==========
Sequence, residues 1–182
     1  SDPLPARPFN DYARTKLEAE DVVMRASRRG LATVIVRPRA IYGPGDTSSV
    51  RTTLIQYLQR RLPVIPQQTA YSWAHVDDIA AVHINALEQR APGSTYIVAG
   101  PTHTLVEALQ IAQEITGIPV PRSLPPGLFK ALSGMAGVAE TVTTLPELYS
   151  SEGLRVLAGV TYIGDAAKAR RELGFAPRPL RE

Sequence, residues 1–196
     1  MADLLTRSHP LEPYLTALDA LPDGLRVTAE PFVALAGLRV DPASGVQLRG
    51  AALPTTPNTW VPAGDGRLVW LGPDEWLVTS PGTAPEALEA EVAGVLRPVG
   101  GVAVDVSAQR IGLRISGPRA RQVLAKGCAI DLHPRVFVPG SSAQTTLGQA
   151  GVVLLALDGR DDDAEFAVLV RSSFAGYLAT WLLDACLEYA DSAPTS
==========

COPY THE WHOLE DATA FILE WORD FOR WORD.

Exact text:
Sequence, residues 1–182
     1  SDPLPARPFN DYARTKLEAE DVVMRASRRG LATVIVRPRA IYGPGDTSSV
    51  RTTLIQYLQR RLPVIPQQTA YSWAHVDDIA AVHINALEQR APGSTYIVAG
   101  PTHTLVEALQ IAQEITGIPV PRSLPPGLFK ALSGMAGVAE TVTTLPELYS
   151  SEGLRVLAGV TYIGDAAKAR RELGFAPRPL RE

Sequence, residues 1–196
     1  MADLLTRSHP LEPYLTALDA LPDGLRVTAE PFVALAGLRV DPASGVQLRG
    51  AALPTTPNTW VPAGDGRLVW LGPDEWLVTS PGTAPEALEA EVAGVLRPVG
   101  GVAVDVSAQR IGLRISGPRA RQVLAKGCAI DLHPRVFVPG SSAQTTLGQA
   151  GVVLLALDGR DDDAEFAVLV RSSFAGYLAT WLLDACLEYA DSAPTS